After the deposition of the Laverne formation there may have been a period of erosion. In middle Pliocene time the silt, sand, gravel, and caliche of the Ogallala formation were deposited over much of western Kansas, but these beds were removed from some areas of southwestern Kansas by a later period of erosion. The date of this period of erosion is not known because the exact age of the Rexroad (?) formation has not been determined. The nearest estimate that can be made at present is that the erosion took place between the close of the middle Pliocene and the early part of the Pleistocene. The erosion during this period may have removed most of the Ogallala formation between Point of Rocks in Morton County and Crooked Creek in Meade County.

In late Pliocene or early Pleistocene the deposits that comprise the Rexroad. (?) formation were laid down over all of Seward County and adjacent areas. These beds consist of sand and gravel at the base and silt, sand, clay, and caliche in the upper part. These beds are unconformably overlain by the lithologically similar deposits of the Meade formation and were deposited primarily by streams flowing eastward from the Rocky Mountains.

Quaternary period--Near the end of the Tertiary period or in the early part of the Quaternary period (after the deposition of the Rexroad (?) beds) there was folding and faulting in parts of southwestern Kansas. This period of erosion and deformation produced the major faulting in the Meade Basin in Meade County (Frye and Hibbard, 19~1), and is represented by the unconformity between the Meade and Rexroad formations. The period was followed by the deposition of the stream-laid silt, sand, and gravel comprising the Meade formation.

During late Pleistocene time, aggrading streams flowing at the upland level spread fine sand and silt over their flood plains. These sediments, which comprise a part of the Kingsdown silt, probably were laid down over all of Seward County. Subsequent erosion removed much of the water-laid part of the Kingsdown silt from the southern part of the county. Deposits of loess were laid down over part of Seward County in late Pleistocene or Recent time and comprise the uppermost part of the Kingsdown silt.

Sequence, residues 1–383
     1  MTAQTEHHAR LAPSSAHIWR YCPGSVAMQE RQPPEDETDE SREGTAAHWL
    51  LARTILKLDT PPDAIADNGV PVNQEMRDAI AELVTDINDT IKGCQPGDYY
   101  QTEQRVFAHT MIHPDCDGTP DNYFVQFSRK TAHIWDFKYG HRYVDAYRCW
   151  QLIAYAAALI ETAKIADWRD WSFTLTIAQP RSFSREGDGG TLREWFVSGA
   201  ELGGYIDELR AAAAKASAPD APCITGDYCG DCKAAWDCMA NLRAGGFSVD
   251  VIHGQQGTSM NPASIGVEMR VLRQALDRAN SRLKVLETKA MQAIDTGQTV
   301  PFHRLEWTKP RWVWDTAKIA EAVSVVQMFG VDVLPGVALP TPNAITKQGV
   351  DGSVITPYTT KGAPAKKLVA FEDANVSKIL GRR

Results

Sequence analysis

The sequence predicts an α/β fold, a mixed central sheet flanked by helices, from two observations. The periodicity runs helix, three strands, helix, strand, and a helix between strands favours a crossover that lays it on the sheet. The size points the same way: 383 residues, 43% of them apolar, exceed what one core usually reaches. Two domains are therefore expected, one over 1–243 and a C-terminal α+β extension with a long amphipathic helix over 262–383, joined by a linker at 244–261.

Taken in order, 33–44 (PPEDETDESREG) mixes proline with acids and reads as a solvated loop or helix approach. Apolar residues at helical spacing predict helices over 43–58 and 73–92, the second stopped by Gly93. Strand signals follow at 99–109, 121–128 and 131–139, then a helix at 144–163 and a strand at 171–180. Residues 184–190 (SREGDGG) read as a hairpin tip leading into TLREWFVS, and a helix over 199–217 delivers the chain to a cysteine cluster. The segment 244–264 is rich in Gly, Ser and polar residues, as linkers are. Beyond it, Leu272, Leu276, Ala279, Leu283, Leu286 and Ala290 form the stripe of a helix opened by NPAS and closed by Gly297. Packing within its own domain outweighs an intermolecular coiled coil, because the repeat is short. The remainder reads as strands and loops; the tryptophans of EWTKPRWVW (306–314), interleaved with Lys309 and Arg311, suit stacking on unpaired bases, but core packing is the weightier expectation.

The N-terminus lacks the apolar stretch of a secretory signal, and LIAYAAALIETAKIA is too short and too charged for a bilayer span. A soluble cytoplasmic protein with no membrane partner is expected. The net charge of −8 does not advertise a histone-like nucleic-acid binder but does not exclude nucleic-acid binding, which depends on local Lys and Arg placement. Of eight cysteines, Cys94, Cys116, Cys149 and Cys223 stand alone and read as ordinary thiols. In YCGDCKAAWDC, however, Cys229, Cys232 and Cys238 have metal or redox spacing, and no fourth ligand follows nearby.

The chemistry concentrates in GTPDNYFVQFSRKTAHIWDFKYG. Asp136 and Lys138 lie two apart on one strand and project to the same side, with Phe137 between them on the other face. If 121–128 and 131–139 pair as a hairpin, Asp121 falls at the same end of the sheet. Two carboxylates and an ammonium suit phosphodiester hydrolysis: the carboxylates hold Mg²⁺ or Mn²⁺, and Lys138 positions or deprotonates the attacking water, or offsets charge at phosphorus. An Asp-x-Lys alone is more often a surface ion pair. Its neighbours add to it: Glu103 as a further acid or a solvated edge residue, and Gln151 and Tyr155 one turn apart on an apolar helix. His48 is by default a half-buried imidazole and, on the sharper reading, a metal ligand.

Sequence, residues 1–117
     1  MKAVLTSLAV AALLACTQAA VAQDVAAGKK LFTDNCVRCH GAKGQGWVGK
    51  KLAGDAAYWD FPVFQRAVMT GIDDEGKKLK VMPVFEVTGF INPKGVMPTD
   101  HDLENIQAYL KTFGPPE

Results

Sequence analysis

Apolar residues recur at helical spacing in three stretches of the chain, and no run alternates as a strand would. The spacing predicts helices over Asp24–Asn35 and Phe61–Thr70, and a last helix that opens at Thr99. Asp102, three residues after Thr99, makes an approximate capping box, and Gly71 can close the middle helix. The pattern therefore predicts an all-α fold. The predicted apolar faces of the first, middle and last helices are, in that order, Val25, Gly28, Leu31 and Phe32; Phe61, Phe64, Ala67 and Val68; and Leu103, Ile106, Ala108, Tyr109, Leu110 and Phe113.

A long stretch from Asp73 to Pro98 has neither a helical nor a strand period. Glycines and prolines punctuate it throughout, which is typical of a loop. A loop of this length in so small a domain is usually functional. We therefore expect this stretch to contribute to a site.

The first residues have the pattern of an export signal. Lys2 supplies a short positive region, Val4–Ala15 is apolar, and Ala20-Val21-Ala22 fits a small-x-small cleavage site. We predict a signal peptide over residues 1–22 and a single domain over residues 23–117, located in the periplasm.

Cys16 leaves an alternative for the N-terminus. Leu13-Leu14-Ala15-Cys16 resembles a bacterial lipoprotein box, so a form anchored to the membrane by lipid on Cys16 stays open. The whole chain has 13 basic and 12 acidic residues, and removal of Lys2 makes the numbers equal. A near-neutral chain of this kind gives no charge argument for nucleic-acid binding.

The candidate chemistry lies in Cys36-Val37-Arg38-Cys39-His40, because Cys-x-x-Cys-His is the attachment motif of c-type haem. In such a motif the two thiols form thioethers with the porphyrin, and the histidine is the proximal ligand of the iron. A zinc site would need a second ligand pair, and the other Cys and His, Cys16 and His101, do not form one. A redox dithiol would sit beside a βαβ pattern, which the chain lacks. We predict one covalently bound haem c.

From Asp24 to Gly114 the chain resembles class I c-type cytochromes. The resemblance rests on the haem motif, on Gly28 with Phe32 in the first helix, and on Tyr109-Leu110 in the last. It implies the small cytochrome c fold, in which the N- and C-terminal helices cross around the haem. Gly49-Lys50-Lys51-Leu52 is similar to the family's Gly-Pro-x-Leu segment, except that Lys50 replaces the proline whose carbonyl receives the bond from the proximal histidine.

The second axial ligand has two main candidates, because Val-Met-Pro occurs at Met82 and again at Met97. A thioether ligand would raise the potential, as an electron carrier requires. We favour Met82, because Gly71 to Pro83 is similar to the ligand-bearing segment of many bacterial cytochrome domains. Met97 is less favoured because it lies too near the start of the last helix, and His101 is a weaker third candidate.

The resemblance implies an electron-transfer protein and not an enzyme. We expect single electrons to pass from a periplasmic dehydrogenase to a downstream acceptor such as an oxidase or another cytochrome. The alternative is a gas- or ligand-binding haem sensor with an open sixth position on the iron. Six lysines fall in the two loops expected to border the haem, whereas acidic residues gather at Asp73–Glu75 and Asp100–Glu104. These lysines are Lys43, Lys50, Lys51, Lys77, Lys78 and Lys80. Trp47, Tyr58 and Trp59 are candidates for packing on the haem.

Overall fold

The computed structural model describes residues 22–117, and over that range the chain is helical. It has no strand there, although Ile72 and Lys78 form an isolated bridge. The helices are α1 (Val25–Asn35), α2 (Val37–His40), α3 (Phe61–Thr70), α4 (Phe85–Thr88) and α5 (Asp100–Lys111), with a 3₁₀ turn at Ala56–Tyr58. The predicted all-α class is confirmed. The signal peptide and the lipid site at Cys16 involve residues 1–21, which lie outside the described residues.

During late Pleistocene and Recent time the high terrace deposits of Cimarron River were laid down, the valley was deepened nearly to its present level, and the alluvium was deposited. More recently (since 1914) the channel of Cimarron River has widened greatly throughout its course in Seward County. The widening has destroyed much bottom land and has caused accelerated erosion in many of the small tributaries in this area.

Other events in Recent time included the deposition of dune sand over large areas along Cimarron River, the deposition of colluvium in Cimarron Valley, and the formation of sink holes in many places in the upland areas.

As mentioned in describing the topography, there seem to have been three generations of dunes formed primarily during Recent time, perhaps related to cyclical climatic changes. The three types of dunes seem to be autochthonous in origin--that is, their distribution and form are evidence that they were shaped from loose sands in their present immediate vicinities. There is no indication of the sand having been derived from the present valley of the Cimarron. The "windows" between dune areas (as in secs. 4, 5, 6, 8, 9,etc., T. 35 S., R. 34 W.) seem to contradict the possibility that the sand was moved by the wind from some more-or-less remote external region.

A fourth type of sand dune, unrelated to the upland types, is found in the Cimarron Valley and represents wind-concentrated sand of alluvial origin. Such dunes are small and are much more abundant in the northwestern half of the valley than they are in the southeastern half. In one place (secs. 3, 4, 9, and 10, T. 31 5., R. 34 W.) there is evidence that some dunes that originated in the valley have since migrated northeastward and upward onto the upland surface.

During much of Pliocene, Pleistocene, and Recent time, there was major or subsidence along Cimarron River in southeastern Seward and southern Meade Counties. It is believed that the course of Cimarron River from southeastern Seward County to the Ashland Basin in Clark County has been determined largely by solution and collapse. Much of the structure of the Laverne strata has been caused by subsidence in the area of outcrops of that formation. The overlying Rexroad (?) formation has also been strongly tilted in several places in southwestern Meade County. In both Meade and Seward Counties the Meade formation in several places dips toward Cimarron River. In southwestern Meade County a large block containing deposits of the Meade formation has dropped to stream level which is nearly 200 feet below its original position. As indicated by the above, the subsidence has been either continuous or recurrent since the deposition of the Laverne formation.

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Kansas Geological Survey, Geohydrology
Web version Sept. 2001. Original publication date March 1948.